Hashbrowns and Hashtags: How Will Instagram Stay Ahead of Photos That Glorify Eating Disorders?


Instagram has 80 million users and they’re growing fast, and with that, moderating the quickly expanding community is a mounting concern. For Beat, a British nonprofit that helps people struggling with eating disorders, the concern is with hashtags and images that celebrate disordered eating and emaciated bodies. Instagram has already made to search for such hashtags as “thinspo” and “anorexia,” but Beat wants more.

They believe that users can still post, search, and access harmful images too easily. For example, users can access these things via hashtag “ana”.

“It’s worrying that with the powerful medium of social networking and the growing popularity of phone apps such as Instagram, people are able to easily access images that encourage the individual to believe that an eating disorder is a lifestyle choice and to avoid treatment,” a Beat spokesperson told The Telegraph. “Some sites have acted to remove content that is seen as dangerous and encouraging people to do dangerous things. Eating disorders as a lifestyle choice should be treated in the same way.”

As the Huffington Post reports:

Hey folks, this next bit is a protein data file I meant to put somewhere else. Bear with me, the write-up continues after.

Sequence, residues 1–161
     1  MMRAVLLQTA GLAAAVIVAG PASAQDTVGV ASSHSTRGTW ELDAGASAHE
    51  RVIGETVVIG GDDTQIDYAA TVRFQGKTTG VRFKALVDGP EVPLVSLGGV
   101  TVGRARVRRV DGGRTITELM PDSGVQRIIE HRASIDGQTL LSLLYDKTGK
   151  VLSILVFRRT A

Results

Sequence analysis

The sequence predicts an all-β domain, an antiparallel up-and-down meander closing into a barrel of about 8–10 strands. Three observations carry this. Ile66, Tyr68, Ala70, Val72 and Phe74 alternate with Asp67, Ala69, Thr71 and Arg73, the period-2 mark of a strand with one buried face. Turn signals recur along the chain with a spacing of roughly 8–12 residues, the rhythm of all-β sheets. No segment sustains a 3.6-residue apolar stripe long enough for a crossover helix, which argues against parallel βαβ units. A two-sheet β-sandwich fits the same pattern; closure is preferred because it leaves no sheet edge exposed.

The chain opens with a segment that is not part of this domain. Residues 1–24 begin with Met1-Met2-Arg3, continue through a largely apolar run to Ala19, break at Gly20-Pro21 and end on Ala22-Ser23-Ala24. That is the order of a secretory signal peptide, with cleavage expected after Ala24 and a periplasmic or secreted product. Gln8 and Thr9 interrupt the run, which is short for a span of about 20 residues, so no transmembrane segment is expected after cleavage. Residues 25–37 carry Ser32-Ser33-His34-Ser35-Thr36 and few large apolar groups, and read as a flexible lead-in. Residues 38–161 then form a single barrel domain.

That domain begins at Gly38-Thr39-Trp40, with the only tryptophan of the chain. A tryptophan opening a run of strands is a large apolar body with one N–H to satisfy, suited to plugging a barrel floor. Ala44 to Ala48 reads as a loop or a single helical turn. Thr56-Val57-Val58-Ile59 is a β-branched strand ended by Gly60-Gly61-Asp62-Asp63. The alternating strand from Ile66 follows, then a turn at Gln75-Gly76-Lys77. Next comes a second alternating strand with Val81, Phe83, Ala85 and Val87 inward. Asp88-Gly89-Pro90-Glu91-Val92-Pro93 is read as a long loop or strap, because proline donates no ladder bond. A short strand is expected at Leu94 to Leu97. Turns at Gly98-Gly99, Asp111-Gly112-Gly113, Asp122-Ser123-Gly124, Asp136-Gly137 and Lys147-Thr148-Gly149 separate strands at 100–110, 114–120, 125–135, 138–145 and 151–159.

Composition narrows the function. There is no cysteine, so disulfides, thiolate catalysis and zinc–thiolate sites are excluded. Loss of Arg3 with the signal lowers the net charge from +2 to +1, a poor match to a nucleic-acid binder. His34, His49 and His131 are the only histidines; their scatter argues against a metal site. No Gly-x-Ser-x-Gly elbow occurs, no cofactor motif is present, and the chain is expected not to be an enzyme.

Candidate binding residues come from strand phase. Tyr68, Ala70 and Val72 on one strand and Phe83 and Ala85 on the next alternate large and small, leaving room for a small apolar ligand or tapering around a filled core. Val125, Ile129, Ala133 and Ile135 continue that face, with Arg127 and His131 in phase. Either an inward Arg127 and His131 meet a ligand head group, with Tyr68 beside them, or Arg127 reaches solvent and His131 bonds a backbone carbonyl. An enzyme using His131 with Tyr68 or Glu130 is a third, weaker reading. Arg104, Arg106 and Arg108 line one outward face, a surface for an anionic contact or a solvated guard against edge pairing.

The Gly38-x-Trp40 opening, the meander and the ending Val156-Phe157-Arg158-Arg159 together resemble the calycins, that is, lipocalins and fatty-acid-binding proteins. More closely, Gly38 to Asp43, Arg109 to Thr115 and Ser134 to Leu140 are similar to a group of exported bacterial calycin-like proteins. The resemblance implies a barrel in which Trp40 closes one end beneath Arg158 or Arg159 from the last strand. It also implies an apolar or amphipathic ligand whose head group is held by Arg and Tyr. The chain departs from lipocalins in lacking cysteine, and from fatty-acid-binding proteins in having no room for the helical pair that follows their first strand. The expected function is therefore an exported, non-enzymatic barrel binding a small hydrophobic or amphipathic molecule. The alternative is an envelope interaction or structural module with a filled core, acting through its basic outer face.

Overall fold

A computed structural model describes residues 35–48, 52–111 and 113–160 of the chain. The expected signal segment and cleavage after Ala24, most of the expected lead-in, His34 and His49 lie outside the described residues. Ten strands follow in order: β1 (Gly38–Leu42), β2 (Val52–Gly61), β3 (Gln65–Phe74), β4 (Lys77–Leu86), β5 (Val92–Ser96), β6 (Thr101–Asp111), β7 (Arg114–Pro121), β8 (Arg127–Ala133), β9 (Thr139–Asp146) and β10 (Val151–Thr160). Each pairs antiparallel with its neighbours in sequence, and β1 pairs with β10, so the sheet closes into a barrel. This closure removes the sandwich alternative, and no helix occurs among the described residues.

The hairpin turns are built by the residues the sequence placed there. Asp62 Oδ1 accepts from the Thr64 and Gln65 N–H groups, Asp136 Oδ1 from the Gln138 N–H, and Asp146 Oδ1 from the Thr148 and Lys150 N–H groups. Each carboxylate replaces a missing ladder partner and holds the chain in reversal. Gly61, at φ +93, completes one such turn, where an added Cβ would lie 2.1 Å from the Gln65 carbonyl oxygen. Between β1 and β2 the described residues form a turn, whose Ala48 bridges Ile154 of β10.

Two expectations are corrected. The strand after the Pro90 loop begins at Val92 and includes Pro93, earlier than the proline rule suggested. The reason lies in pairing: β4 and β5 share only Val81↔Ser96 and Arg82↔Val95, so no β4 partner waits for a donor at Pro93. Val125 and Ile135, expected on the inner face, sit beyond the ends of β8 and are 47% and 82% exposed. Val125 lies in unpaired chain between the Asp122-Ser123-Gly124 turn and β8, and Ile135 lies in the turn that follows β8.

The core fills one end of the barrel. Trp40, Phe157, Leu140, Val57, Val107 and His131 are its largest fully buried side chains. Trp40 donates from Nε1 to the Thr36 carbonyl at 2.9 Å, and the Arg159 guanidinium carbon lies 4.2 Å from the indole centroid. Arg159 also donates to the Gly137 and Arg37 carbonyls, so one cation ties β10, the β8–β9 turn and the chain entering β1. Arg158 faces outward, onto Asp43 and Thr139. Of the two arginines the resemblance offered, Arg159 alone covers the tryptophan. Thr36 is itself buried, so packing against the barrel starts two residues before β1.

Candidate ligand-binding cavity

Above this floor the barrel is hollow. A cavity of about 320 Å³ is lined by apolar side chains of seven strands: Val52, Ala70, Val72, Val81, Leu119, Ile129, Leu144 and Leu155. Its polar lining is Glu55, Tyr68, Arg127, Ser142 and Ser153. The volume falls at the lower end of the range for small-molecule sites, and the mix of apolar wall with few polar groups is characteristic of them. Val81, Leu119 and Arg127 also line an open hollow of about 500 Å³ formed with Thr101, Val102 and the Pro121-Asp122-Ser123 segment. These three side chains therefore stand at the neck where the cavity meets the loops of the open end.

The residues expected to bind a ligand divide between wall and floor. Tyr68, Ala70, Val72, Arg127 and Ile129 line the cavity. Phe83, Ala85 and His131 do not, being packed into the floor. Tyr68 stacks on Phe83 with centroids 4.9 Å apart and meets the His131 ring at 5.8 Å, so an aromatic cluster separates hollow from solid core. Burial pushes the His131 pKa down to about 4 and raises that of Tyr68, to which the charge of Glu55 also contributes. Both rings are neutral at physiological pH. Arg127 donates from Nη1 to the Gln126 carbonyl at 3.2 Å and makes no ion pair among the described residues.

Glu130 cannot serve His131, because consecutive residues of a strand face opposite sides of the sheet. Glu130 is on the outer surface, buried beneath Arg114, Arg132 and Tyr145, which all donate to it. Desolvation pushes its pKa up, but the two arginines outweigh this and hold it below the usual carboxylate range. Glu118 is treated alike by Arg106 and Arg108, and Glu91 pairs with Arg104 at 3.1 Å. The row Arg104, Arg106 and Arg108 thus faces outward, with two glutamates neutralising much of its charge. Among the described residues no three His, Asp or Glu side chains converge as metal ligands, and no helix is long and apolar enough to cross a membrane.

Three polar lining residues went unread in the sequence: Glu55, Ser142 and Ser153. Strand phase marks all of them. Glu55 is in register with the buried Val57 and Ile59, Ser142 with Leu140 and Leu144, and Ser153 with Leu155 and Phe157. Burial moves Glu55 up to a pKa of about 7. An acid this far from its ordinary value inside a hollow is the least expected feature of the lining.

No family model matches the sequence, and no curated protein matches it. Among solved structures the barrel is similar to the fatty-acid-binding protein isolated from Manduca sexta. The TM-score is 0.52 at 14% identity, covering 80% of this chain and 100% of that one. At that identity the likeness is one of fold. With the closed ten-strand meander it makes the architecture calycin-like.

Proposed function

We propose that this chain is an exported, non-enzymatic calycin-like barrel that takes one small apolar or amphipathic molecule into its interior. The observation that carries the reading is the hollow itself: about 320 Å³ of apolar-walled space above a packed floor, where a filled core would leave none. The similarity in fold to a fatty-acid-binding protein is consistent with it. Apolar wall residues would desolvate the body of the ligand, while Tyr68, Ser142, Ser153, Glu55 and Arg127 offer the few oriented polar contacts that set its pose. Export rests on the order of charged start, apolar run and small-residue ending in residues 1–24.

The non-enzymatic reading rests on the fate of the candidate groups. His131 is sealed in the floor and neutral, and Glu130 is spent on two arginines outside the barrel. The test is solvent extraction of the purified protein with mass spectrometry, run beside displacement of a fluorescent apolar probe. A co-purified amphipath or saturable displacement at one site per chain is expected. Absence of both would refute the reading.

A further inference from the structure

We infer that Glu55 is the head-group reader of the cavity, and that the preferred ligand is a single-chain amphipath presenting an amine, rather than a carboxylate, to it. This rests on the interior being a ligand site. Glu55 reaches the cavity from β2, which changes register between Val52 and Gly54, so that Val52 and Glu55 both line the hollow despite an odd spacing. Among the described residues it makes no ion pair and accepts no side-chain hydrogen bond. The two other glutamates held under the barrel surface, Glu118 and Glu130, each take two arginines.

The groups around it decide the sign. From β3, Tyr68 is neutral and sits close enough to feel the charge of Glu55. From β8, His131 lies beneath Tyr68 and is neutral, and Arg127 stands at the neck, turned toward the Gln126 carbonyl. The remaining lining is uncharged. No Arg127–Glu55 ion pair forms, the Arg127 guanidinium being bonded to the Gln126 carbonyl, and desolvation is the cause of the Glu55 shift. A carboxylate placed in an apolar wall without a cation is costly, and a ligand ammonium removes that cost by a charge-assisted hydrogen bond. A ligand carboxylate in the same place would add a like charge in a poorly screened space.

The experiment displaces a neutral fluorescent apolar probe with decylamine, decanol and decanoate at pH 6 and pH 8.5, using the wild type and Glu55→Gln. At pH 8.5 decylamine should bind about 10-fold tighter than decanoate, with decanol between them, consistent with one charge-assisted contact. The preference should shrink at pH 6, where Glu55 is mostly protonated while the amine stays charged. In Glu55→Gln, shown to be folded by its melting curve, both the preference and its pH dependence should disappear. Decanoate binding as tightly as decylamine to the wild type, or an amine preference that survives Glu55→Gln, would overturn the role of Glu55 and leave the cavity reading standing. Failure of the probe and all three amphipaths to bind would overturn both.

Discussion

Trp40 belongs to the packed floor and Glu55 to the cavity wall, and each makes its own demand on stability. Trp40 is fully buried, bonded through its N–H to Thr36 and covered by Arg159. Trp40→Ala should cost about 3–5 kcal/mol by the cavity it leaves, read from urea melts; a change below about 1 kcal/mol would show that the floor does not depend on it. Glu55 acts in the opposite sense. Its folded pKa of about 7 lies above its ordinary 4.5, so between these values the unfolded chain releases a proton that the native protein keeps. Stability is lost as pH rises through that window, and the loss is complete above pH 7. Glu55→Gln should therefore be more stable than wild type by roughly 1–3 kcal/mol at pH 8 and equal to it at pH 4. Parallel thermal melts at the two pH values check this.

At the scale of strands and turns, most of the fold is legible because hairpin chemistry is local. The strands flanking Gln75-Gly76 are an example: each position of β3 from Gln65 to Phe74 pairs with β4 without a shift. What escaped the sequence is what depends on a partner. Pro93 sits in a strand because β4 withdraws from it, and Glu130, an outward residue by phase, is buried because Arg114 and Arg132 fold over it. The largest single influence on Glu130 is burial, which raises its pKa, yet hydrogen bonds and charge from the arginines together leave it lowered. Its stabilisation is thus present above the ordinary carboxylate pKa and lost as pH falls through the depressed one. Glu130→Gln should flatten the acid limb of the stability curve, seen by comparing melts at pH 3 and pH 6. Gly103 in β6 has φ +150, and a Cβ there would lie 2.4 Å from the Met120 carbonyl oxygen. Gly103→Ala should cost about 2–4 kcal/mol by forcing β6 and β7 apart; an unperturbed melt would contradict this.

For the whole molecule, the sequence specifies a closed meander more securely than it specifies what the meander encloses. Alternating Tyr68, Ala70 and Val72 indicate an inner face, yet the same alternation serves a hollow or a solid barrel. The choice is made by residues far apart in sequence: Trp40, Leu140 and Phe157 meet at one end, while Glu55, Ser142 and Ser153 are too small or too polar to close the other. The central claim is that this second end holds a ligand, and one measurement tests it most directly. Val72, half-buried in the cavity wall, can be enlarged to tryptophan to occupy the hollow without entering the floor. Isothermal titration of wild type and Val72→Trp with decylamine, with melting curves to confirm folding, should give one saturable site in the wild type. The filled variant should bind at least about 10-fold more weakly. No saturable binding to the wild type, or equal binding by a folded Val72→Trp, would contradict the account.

Although Instagram hasn’t outright disabled its search function for all eating-disorder related terms, a content-advisory warning — along with a link to the National Eating Disorders’ website — shows up before users can click on the images.
Such a warning is not a full-proof deterrence, however, since users can still glorify the images with their comments.

The thing is, no matter what they ban, new words will pop up in their place. You can’t outsmart the internet. I had a friend who was working with MTV on one of their websites and was given their list of banned words. It was several pages long and constantly growing. When you nix one word, a creative spelling of that word — or an even more offensive term — will pop up and quickly spread. You can slow it down, but you can’t stop it.

I think it’s great that Instagram is being thoughtful about this, and implementing changes, but I wonder if they’ll ever really stay ahead of it? What’s the solution for companies that don’t want to allow thinspo (or hate speech, or bullying)? When communities grow faster than moderators, how is this problem effectively addressed? And where do these new social media giants draw the line in terms of what’s acceptable user behavior? Complicated questions for a new world order.

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